This piece follows on from my previous blogs on the warm-up matches, first, second, and third Tests of the British and Irish Lions tour of New Zealand in 1983:
The walking wounded
The conclusion of the 1983 Lions tour to New Zealand was never going to be easy for the visitors. Trailing 3-0 in the series, and psychologically damaged after narrow defeats in the previous two Tests, slowly but surely the physical impact of such a demanding itinerary became apparent. Flanker Jim Calder was ruled out of the rest of the tour with a broken thumb, and Bob Norster would play no further part after straining his back during the second Test. Unfortunately, the hits just kept on coming.
A 25-19 win over Hawke's Bay was less than impressive from a playing point of view - more of which later - and the mood in the camp was hardly improved when a pelvic injury suffered by John Beattie, and Dusty Hare's dislocated shoulder, ruled both players out of the remaining matches. Wales' Eddie Butler flew out to replace Beattie - the seventh replacement in the squad, if you count Steve Bainbridge's inclusion at the expense of Donal Lenihan before the players had departed - and Butler would make an impact, although not in a conventional sense.
After another spluttering win over the Counties, Butler, Gerry McLoughlin, and Colin Deans were attacked by some fans as they jogged around the pitch, Deans struck to the ground before his team-mates intervened. Manager Willie John McBride called for a drinking ban amongst spectators (good luck with that), but after the 25-16 win, inspired by the boot of Ollie Campbell, he was given yet another selection headache when John Rutherford strained his groin, an injury that would eventually rule him out of the final Test.
When Campbell limped off with ten minutes to go against Waikato, the Lions plans for the Test were thrown into disarray. The naming of the final XV was delayed by 24 hours, and Campbell was declared fit. Having passed the 100 point mark during the 40-13 win over Waikato, Campbell's contribution of 24 points during the match was an indication of his importance to the team. However, his subsequent display in the fourth Test seemed to suggest that Campbell was rushed back too soon. But with all the injuries in the squad, you understood the desperation of the Lions' selectors.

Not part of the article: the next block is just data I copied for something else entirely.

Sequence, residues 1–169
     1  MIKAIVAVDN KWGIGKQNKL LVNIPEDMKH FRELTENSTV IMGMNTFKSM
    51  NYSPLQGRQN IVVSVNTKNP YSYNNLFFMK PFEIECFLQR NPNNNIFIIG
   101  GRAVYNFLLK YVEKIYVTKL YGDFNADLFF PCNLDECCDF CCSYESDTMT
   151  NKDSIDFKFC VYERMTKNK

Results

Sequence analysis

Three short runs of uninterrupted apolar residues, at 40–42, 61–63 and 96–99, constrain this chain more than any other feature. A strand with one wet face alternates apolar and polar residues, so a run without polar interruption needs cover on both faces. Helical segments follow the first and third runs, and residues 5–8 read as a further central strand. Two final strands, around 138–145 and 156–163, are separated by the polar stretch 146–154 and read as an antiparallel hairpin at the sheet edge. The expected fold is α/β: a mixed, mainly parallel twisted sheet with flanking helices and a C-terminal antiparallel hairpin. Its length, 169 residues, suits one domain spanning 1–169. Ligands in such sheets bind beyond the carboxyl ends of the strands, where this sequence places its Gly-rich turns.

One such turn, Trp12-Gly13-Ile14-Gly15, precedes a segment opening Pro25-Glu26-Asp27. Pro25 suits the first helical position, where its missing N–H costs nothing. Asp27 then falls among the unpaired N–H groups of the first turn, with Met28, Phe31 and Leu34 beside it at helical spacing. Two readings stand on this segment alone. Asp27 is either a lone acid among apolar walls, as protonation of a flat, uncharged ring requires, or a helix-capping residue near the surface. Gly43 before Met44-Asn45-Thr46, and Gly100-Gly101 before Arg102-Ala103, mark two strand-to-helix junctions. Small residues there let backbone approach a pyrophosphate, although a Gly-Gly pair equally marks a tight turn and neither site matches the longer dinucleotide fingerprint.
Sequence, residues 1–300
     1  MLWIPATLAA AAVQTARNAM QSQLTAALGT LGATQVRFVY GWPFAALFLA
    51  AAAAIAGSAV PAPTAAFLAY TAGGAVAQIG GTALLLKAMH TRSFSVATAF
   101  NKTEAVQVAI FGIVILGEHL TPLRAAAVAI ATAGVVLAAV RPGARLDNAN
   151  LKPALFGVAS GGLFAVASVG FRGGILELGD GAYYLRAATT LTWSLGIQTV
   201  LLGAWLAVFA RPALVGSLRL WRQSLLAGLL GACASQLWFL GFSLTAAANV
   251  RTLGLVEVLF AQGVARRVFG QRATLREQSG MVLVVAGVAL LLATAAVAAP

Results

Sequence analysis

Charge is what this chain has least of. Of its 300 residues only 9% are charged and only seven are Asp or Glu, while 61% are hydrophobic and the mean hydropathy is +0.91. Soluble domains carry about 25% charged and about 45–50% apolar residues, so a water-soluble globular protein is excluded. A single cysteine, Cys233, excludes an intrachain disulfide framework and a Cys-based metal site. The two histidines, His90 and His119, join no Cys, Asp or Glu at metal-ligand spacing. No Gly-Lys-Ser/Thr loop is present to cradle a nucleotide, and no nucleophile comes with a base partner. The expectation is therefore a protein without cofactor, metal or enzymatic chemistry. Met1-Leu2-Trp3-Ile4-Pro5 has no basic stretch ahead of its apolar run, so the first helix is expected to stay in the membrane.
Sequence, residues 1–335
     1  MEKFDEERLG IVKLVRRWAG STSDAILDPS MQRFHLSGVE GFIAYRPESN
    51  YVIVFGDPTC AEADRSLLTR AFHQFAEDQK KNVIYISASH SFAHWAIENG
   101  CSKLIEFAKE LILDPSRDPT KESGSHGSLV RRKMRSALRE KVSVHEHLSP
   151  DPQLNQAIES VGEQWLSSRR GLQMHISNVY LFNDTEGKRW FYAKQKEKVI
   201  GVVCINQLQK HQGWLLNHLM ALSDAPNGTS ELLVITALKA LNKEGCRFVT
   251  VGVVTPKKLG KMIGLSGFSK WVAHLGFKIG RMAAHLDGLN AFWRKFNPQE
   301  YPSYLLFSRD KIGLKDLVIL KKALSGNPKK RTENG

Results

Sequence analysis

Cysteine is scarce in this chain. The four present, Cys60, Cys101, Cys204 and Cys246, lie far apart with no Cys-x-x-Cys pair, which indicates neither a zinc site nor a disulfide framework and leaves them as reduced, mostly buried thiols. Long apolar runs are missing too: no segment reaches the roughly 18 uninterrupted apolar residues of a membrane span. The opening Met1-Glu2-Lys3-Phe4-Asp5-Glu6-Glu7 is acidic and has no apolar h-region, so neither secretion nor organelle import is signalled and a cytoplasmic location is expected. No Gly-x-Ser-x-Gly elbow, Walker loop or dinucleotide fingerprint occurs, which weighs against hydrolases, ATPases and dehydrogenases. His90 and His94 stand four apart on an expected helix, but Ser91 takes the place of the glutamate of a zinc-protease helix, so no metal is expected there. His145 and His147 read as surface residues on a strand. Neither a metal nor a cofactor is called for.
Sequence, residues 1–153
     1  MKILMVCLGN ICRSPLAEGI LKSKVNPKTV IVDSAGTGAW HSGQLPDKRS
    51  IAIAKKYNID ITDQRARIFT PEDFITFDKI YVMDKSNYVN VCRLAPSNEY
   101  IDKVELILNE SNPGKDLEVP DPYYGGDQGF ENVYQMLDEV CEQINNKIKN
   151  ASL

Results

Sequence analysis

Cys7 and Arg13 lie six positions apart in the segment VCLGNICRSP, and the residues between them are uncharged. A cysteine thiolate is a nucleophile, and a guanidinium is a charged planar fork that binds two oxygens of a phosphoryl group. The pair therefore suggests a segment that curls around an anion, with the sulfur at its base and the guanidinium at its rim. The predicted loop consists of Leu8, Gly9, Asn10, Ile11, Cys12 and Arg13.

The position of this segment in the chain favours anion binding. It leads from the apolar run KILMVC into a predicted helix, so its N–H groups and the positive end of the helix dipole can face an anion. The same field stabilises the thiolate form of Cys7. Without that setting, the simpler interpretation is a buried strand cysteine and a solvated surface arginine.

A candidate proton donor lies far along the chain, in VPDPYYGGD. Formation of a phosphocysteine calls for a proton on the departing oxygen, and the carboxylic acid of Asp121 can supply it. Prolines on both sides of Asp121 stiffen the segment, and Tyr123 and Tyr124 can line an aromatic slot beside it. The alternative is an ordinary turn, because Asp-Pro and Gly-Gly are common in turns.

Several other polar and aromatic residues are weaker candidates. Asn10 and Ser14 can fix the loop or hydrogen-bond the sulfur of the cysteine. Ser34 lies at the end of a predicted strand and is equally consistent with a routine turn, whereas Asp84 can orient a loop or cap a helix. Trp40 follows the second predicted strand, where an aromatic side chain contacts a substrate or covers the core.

Criticism from all angles
As the tour limped towards the inevitable messy end, the vultures started to circle. England hooker Peter Wheeler questioned the selection of skipper Ciaran Fitzgerald over Colin Deans. "The Lions' perseverance with Ciaran has proved an expensive exercise," stated the man many felt was desperately unlucky not to make the squad. Wheeler's was just one of many dissenting voices.
Chalkie White, the successful Leicester coach, expressed dismay at the direction of the Lions. "What are they trying to achieve? I have watched them in training twice and I have no idea what they are trying to do." All Blacks captain Andy Dalton questioned the pattern the Lions were trying to develop. Waikato coach, George Simpkin, did not hold back after his team had been beaten by the Lions. "With the sort of possession they (the backs) received they were short of ideas. We were very fortunate they were so incompetent.
The Daily Express' Tony Bodley commented on "the alarming deterioration in British back play." Terry MacLean wrote in the Times that in the matches against Hawke's Bay and the Counties "the Lions have displayed naught but a monumental capacity for playing rugby sub-international in quality and stupendously riddled with errors." There was simply no escape from the harsh words.
McBride did try to fight his corner. Bemoaning the shortened itinerary, the Lions manager complained that coach Jim Telfer was unable to develop combinations before the international series. Yet this complaint received a firm response from Micky Steele-Bodger (Chairman of the British Union's Tour Committee). "Judgement tends to be governed by hindsight and is based on results that have occurred," Bodger-Steele commented, also noting that the schedule had been drawn up a year before, and all interested parties, including McBride and Telfer, had agreed to it.
Throughout the tour McBride had also been scathing in his opinions on the refereeing standards in New Zealand. Again, this gripe was returned with interest. The New Zealand Rugby Union had agreed to set up meetings between their referees and the Lions management to discuss law interpretation, but these offers had not been accepted. And Cecil Blazey (New Zealand Rugby Union Chairman) hit back at McBride's views. "If Willie John is suggesting that British refereeing standards are superior to New Zealand's, I am bound to say, as one who has seen a good deal of both, that I reject this contention totally."
With Calder and Rutherford ruled out, the Lions were forced into two changes for the fourth Test. John O'Driscoll would replace Calder in the back row, with David Irwin coming in for Rutherford. It had been rumoured that Steve Smith's impressive form in the wins over Hawke's Bay and the Counties would see the replacement take the place of the under performing Roy Laidlaw. But a solid performance by the Scot in the Waikato win, and a slight hamstring strain for Smith, ended the debate.
New Zealand's only concern was the fitness of fly half Wayne Smith, who had limped off the pitch during the third Test. When Smith was ruled out, Ian Dunn came into the team, just as he had for the first Test in Christchurch.
"Individual pride and self respect for our rugby can win this Test," Fitzgerald said on the eve of the final match of the tour. But despite the captain's positive words, and Telfer imploring his team to go for it and enjoy themselves, there was very little optimism from the journalists covering the tour at the time.